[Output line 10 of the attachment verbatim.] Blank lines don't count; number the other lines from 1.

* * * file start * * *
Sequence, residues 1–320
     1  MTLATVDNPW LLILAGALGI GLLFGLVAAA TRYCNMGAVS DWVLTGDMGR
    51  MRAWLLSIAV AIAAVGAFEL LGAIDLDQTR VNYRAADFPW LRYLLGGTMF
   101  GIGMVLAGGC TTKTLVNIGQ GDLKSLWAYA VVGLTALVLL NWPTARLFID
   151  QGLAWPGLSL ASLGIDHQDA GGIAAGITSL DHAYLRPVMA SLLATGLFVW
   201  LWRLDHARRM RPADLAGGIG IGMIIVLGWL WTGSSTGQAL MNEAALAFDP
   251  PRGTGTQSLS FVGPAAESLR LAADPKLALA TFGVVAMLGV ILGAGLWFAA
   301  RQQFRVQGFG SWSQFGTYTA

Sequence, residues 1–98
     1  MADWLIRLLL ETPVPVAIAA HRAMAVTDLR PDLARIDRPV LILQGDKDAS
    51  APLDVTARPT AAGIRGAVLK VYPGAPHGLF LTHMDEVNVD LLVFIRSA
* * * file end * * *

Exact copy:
     1  MADWLIRLLL ETPVPVAIAA HRAMAVTDLR PDLARIDRPV LILQGDKDAS